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Coronavirus: Doctors, carers and children getting COVID-19 at same rate as everyone else - ONS

Coronavirus: Doctors, carers and children getting COVID-19 at same rate as everyone else - ONS

Published at 11:01am 21st May 2020. (Updated at 3:16pm 21st May 2020)

Doctors, nurses, care home workers and children have been testing positive for coronavirus at the same rate as the general population in England, according to the Office for National Statistics (ONS).

It has estimated that 0.24% of those looking after patients or residents, including doctors, nurses and carers, tested positive for coronavirus between 4 and 17 May.

The proportion of people getting a positive result who did not work in such roles was also 0.24%.

It is a markedly different result to the one the ONS reported last week, when it said that 1.33% of people in health and care roles had tested positive, compared with 0.22% of those in different jobs, between 27 April and 10 May.

In its latest update, the ONS also said there is no evidence for a higher level of infection in men, who are more likely to die with COVID-19.

It reported that 0.26% of women and 0.21% of men are estimated to have tested positive in England between 4 and 17 May.

There is also no evidence of differences in the proportions testing positive between the age categories 2 to 11, 12 to 19, 20 to 49, 50 to 69 and 70 years and over.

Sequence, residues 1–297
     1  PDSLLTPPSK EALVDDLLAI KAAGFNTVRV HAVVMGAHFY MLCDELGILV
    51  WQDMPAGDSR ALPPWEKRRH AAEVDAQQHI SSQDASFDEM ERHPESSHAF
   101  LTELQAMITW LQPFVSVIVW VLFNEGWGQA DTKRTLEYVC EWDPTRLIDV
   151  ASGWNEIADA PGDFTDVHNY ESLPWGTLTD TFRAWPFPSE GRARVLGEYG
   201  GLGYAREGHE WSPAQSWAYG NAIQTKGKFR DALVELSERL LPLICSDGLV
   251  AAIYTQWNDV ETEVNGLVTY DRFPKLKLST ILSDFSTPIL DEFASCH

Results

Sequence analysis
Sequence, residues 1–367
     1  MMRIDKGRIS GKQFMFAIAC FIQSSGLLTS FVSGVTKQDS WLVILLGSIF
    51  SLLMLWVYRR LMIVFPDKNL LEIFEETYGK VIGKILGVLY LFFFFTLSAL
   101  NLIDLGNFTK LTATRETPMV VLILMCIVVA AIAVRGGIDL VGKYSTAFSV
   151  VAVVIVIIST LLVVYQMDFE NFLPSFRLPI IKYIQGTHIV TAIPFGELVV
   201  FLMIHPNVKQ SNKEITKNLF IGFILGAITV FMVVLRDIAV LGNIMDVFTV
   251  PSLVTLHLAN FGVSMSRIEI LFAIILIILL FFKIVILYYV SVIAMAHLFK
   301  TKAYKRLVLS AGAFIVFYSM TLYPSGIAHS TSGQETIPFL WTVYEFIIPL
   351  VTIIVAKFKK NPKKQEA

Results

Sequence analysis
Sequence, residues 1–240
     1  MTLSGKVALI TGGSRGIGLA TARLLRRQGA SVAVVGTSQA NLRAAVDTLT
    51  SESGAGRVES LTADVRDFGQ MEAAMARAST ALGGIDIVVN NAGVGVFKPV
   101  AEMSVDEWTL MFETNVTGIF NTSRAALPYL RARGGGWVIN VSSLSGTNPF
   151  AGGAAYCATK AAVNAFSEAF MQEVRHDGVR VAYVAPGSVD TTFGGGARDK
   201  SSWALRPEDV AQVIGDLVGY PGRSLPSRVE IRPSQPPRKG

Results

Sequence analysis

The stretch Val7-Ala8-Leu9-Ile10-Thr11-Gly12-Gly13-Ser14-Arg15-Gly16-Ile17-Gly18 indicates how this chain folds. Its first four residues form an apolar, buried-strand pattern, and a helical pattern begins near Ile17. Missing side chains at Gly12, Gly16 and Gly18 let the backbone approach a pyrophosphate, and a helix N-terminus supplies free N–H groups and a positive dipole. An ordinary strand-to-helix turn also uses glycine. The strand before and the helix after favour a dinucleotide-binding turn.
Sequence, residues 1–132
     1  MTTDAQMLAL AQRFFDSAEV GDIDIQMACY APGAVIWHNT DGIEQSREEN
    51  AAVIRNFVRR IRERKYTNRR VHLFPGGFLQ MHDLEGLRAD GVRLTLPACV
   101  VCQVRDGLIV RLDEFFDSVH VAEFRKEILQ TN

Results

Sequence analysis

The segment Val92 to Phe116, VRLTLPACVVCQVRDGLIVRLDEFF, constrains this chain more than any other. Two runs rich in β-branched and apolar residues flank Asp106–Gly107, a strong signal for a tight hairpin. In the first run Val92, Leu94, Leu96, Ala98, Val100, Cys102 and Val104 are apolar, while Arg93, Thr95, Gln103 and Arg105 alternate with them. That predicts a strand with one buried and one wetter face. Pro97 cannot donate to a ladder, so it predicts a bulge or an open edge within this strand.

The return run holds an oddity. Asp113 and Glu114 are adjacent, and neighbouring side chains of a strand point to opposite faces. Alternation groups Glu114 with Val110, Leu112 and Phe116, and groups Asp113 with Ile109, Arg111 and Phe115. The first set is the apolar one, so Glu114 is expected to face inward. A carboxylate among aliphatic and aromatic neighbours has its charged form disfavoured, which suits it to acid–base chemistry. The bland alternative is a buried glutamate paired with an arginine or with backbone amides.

All of the figures refer to private household tests and exclude infections reported in "hospitals, care homes or other institutional settings".

Data was taken from tests performed on 14,599 people in 7,054 homes.

The ONS estimated that at any given time in the latest study period, an "average of 0.25% of the community population had COVID-19". Again, that refers to private households.

It equates to 137,000 people in England - down from last week's estimate of 148,000.

"There were an estimated 61,000 new COVID-19 infections per week in England," the ONS said.

"The incidence rate per week was 0.11 new cases per 100 people."

It is producing its survey in partnership with the University of Oxford, the University of Manchester, Public Health England and the Wellcome Trust.

It is also running a larger, long-term study tracking the spread of COVID-19 in the general population, including up to 300,000 people.

That analysis will include antibody testing to see how many people have had the virus.

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